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Network Stitching with GENI API and RSPEC - Best Practices Proposal

This page examines the network stitching design against GENI AM API v2 and RSpec v3 standards (including upcoming revisions). It describes how the GENI API may be used to support stitching workflow and proposes convention-based switching semantics in GENI Request and Manifest RSPECs. It also provides an example for multi-aggregate stitching workflow that involves bandwidth and VLAN negotiation.

Network Stitching by GENI AM API

Stitching Advertisement

  • GetVersion -- An AM that supports Network Stitching should include the NetworkStitching RSpec in both geni_request_rspec_versions and geni_ad_rspec_versions arrays in return to the GetVersion call. The values of the version parameter strings are TBD.
  • ListResources -- When the geni_rspec_version option is set to a Network Stitching version type, ListResources shall return the advertisement of stitching resources for the aggregate. Using this advertisement together with advertisement of AM internal resources, the Stitching Topology Service will be able to construct global aggregate-to-aggregate topology view.

Stitching with Negotiation

  • Stitching negotiation is performed by using the following Ticket calls: GetTicket, UpdateTicket, ReleaseTicket, RedeemTicket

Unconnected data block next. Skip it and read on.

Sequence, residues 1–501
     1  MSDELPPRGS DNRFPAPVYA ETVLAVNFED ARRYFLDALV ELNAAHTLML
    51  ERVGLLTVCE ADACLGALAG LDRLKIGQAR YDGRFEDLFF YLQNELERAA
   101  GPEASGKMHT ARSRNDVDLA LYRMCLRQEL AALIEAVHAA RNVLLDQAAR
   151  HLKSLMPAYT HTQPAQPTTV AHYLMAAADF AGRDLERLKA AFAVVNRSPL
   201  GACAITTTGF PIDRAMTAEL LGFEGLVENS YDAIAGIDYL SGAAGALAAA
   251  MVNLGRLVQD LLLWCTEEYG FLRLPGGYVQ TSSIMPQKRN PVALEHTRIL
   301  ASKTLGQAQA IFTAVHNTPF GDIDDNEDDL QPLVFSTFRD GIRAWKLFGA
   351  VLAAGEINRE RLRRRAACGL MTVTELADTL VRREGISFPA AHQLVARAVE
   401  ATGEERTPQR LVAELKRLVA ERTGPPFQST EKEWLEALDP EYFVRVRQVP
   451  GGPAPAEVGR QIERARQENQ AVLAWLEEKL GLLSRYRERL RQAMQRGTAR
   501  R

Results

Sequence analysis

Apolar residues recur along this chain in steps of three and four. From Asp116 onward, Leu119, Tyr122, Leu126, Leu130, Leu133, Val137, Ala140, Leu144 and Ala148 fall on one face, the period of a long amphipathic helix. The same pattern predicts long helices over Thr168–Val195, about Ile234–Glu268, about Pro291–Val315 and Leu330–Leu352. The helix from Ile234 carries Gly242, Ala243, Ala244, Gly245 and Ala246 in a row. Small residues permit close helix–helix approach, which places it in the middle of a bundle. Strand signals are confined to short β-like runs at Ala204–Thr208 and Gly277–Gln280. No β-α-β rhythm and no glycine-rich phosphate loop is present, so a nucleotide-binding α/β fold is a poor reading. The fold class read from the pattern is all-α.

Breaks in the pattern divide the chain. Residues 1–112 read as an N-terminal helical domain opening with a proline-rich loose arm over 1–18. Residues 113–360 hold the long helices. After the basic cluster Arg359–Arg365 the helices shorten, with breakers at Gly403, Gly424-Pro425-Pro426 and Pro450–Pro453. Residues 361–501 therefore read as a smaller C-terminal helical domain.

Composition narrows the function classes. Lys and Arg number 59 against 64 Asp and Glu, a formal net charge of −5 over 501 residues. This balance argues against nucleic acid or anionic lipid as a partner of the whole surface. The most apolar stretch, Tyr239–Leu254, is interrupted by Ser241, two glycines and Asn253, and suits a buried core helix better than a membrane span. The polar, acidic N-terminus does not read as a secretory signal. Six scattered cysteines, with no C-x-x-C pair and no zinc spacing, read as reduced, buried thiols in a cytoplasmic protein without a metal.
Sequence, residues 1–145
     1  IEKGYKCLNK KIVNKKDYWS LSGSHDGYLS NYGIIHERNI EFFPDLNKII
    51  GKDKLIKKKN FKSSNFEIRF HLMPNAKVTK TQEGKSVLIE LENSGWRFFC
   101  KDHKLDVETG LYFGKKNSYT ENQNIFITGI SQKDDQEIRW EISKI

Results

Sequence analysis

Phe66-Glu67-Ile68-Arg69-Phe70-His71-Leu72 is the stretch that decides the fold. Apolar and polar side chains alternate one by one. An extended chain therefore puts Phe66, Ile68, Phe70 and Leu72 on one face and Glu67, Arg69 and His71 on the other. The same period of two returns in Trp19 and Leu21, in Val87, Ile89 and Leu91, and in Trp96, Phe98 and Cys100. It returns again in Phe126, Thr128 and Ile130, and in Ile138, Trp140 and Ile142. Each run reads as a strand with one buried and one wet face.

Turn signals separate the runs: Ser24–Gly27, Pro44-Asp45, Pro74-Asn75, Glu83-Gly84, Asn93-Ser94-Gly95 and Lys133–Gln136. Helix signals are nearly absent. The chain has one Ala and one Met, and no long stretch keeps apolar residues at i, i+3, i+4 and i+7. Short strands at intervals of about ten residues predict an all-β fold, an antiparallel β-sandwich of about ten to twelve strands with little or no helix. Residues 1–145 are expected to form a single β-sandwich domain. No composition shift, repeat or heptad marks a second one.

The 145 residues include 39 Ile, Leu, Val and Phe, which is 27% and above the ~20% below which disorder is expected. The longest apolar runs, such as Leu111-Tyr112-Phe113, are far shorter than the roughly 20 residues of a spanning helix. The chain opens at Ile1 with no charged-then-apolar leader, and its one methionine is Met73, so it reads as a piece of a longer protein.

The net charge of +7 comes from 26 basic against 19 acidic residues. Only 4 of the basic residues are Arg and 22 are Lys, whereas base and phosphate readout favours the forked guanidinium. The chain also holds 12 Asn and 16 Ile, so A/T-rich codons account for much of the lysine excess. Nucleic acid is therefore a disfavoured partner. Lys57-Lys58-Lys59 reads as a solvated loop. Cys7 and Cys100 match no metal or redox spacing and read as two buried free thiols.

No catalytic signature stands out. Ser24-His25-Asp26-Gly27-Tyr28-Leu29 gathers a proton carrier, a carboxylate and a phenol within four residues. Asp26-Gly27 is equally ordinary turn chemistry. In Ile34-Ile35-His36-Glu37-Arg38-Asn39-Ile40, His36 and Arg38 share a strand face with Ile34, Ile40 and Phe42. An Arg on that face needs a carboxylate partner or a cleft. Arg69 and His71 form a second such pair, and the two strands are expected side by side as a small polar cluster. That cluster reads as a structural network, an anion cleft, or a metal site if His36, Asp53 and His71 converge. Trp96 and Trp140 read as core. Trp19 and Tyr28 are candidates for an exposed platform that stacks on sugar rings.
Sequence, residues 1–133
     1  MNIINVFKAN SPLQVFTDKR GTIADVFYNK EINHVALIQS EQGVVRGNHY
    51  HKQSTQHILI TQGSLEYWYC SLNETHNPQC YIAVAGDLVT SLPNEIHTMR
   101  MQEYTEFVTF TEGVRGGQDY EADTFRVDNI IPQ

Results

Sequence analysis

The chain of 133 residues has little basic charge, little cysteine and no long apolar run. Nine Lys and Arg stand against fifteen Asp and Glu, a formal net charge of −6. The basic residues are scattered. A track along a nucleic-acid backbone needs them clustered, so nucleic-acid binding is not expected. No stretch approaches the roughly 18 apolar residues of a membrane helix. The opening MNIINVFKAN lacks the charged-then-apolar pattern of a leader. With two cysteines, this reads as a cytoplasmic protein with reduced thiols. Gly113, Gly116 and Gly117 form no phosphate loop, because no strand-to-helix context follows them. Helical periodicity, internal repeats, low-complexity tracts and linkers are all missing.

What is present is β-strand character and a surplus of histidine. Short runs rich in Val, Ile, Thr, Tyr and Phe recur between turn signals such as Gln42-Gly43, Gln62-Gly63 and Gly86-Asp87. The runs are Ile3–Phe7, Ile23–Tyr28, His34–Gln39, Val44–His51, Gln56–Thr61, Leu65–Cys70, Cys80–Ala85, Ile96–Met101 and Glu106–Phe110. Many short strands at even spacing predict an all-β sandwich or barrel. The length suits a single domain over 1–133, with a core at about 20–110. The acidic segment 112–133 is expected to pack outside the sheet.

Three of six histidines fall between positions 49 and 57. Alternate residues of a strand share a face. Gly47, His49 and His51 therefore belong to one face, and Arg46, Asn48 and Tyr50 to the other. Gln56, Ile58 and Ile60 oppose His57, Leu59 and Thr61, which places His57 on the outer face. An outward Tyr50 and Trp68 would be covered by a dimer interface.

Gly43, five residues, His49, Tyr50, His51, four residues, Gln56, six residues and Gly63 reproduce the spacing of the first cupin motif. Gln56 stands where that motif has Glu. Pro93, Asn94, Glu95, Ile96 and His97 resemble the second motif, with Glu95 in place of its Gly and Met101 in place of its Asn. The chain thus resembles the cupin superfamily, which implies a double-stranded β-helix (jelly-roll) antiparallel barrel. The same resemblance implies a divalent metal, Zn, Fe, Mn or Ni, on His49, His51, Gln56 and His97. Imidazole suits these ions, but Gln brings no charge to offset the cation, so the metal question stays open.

• Below is Rob Ricci's Ticket States diagram


  • Full implementation of left half of above diagram will allow arbitrary phases of stitching negotiation.
    • GetTicket initiates the negotiation with a Request RSpec. The returned Ticket contains a Manifest RSpec in response to the initial request.
    • The workflow may either take the return Manifest as is or modify it to proceed a follow-up phase of negotiation.
    • In each follow-up phase of negotiation, UpdateTicket has to be used instead of GetTicket.
    • Failed follow-up negotiation will result in ReleaseTicket call to terminate the procedure.
  • Successful negotiation will lead to the Commit Phase that uses RedeemTicket to create resource sliver for the stitching.
  • Note that RSPec in any Ticket may include both regular and stitching resources. During stitching negotiation, regular RSpec part may remain unchanged.

Stitching without Negotiation

  • Negotiation may not be desired for some AMs, especially those who have no negotiable resources.
  • A direct CreateSliver call will be used to commit stitching resources for such AMs.

Convention-Based Semantics for Stitching RSpec

The GENI Network Stitching schema provides a common description for stitching resource advertisement and request. The purpose is to regulate AM behaviors related to aggregate-to-aggregate stitching.
In addition the general API calls, we define the following set of rules to serve as convention-based semantics to complete the stitching protocol for AM.

  1. Every aggregate must advertise its stitching links following the schema. No aggregate- or vendor-specific alteration information is allowed.
    • For example, an OpenFlow aggregate may have an Ethernet link of type in its internal RSpec, For stitching advertisement, it has to describe it using GeniStitch:GeniStitchSwitchingCapabilitySpecificInfo_Lsc in the stitching schema